Hillicon Valley: Google employees announce creation of union | GOP Facebook ads for Georgia runoffs contain misinformation, research finds | Mexico prepared to offer Assange asylum

Hillicon Valley: Google employees announce creation of union | GOP Facebook ads for Georgia runoffs contain misinformation, research finds | Mexico prepared to offer Assange asylum
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GOOGLERS UNIONIZE: As we kick off 2021, employees of one Big Tech giant are taking a stand. 


Over 220 Alphabet employees launched a union Monday, the first company-wide one at a Silicon Valley giant to date.

The Alphabet Workers Union, referring to Google’s parent company, is launching with support from the Communications Workers of America.

The union will be a minority union, meaning that while members will still pay dues, the group will not seek recognition from the National Labor Relations Board or receive collective bargaining rights.

“This is historic—the first union at a major tech company by and for all tech workers,” Dylan Baker, a Google software engineer, said in a statement.

“We will elect representatives, we will make decisions democratically, we will pay dues, and we will hire skilled organizers to ensure all workers at Google know they can work with us if they actually want to see their company reflect their values.” 

Google has been a hotbed for worker activism. In 2018, thousands of the workers signed a petition protesting Project Maven, a contract to help the Department of Defense track individuals in video footage captured by drones.

Google later that year announced it would end its practice of forced arbitration after 20,000 workers staged a walkout critical of the company’s handling of sexual misconduct.


The company is expected to oppose the unionization drive, setting off a labor battle that could have implications for the whole industry.

Read more.

MORE MISINFORMATION WOES: Just weeks after Facebook lifted its ban on political ads related to Tuesday’s crucial Georgia Senate runoffs, a report released by the nonprofit advocacy group Avaaz identified ads backing the GOP senators that contained misinformation.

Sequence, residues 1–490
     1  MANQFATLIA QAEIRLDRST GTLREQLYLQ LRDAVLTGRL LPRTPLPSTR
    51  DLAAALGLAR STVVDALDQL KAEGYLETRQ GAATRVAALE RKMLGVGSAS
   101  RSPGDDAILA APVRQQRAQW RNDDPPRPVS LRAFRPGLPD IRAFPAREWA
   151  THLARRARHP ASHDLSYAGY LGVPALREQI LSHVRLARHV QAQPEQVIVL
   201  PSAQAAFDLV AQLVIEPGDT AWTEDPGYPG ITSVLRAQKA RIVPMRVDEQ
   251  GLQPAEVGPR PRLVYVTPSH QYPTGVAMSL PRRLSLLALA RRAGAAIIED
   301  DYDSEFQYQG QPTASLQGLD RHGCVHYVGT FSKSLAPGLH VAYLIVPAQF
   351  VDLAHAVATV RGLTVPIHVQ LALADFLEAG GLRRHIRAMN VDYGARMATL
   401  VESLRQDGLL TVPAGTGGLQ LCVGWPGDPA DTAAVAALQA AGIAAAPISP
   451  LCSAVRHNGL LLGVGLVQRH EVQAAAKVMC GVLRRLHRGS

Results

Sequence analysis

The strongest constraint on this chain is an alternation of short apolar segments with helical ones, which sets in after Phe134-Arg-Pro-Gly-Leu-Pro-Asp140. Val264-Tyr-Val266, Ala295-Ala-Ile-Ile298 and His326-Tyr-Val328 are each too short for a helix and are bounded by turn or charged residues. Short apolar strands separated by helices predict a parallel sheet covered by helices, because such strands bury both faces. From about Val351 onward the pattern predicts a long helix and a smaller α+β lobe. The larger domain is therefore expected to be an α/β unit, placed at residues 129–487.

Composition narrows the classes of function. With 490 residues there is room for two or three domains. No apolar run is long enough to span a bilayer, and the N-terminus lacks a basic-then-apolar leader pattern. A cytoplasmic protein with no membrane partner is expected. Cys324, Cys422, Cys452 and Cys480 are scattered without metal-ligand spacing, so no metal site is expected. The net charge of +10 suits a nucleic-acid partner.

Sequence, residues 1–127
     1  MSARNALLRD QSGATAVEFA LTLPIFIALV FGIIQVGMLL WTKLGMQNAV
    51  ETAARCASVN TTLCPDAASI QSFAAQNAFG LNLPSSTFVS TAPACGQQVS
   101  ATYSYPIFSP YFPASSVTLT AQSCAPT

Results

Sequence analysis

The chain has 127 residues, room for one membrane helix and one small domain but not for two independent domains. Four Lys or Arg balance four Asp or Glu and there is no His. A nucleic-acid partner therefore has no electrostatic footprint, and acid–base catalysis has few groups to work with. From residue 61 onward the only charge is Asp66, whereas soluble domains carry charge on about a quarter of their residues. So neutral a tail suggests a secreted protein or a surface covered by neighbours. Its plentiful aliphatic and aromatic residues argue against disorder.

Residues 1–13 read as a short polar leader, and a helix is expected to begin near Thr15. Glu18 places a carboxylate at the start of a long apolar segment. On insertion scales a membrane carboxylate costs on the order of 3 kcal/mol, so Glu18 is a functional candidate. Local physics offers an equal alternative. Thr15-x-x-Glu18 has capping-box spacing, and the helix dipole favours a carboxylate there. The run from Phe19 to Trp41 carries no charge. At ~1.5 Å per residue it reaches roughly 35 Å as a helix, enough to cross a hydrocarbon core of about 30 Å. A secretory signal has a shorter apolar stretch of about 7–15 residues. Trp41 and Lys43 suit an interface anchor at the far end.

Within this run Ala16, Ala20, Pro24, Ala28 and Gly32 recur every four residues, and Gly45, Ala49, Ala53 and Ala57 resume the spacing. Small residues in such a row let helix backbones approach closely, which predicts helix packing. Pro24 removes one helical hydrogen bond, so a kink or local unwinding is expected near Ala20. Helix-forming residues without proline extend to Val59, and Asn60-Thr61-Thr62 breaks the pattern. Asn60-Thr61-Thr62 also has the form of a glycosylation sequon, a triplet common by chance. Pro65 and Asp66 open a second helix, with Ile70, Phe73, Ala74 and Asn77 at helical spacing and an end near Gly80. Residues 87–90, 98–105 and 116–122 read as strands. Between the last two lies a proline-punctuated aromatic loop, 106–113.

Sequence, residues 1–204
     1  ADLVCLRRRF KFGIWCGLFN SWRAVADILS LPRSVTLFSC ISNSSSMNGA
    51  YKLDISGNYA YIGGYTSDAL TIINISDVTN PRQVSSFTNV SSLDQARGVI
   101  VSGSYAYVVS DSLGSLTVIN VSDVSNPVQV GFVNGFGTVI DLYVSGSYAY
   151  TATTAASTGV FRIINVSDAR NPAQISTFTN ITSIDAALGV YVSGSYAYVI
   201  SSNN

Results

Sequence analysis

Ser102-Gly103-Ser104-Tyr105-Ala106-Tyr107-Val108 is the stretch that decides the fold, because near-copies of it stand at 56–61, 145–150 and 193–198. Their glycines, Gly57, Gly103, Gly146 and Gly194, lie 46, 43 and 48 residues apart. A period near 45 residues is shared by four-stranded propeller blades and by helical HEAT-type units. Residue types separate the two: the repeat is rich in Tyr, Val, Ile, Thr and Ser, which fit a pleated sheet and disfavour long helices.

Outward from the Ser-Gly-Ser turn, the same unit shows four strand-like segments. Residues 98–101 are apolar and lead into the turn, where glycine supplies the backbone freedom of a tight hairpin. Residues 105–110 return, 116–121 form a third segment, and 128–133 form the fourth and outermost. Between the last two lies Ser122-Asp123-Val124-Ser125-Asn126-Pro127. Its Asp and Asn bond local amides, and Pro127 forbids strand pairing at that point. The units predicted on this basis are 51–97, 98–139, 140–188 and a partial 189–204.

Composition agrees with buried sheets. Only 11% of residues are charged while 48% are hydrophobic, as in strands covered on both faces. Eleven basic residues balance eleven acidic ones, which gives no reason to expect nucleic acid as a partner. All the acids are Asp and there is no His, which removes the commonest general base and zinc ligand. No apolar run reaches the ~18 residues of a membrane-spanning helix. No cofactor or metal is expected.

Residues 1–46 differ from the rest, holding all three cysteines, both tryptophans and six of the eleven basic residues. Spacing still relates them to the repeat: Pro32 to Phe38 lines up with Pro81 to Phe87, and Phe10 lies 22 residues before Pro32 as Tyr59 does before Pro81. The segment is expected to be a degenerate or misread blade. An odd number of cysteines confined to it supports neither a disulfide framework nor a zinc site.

Avaaz researchers found nearly 100 ads released by the campaigns of Republican Sens. David PerdueDavid PerdueGeorgia Gov. Kemp says he'd 'absolutely' back Trump as 2024 nominee Bipartisan bill would ban lawmakers from buying, selling stocks Please, President Trump: Drop your quest for revenge and help the GOP MORE and Kelly LoefflerKelly LoefflerGeorgia Gov. Kemp says he'd 'absolutely' back Trump as 2024 nominee Bipartisan bill would ban lawmakers from buying, selling stocks Kelly Loeffler's WNBA team sold after players' criticism MORE, as well as the Republican Party and top GOP super PACs contained claims that had been debunked by third party fact-checkers. 

Avaaz’s campaign director Nathan Miller slammed Facebook, stating the company “opened the floodgates for false and misleading information targeting Georgia voters'' in lifting the ad ban, and accused the company of “not even implementing its own policies.” 

Facebook, which has faced mounting scrutiny over its handling of misinformation, defended the way it has handled Georgia ads in response to the Avaaz report. A spokesperson said the claims highlighted in the ads identified by Avaaz are also appearing in TV, radio and mail ads, but Facebook’s Ad Library “is transparent, making the claims more readily available for scrutiny.” 

Read more here

ASYLUM FOR ASSANGE: Mexican President Andrés Manuel López Obrador on Monday announced that he is prepared to offer asylum to WikiLeaks founder Julian AssangeJulian Paul AssangeBiden DOJ to continue to seek Assange extradition Assange, Snowden among those not included on Trump pardon list Trump grants clemency to more than 100 people, including Bannon MORE, who has been detained in the United Kingdom.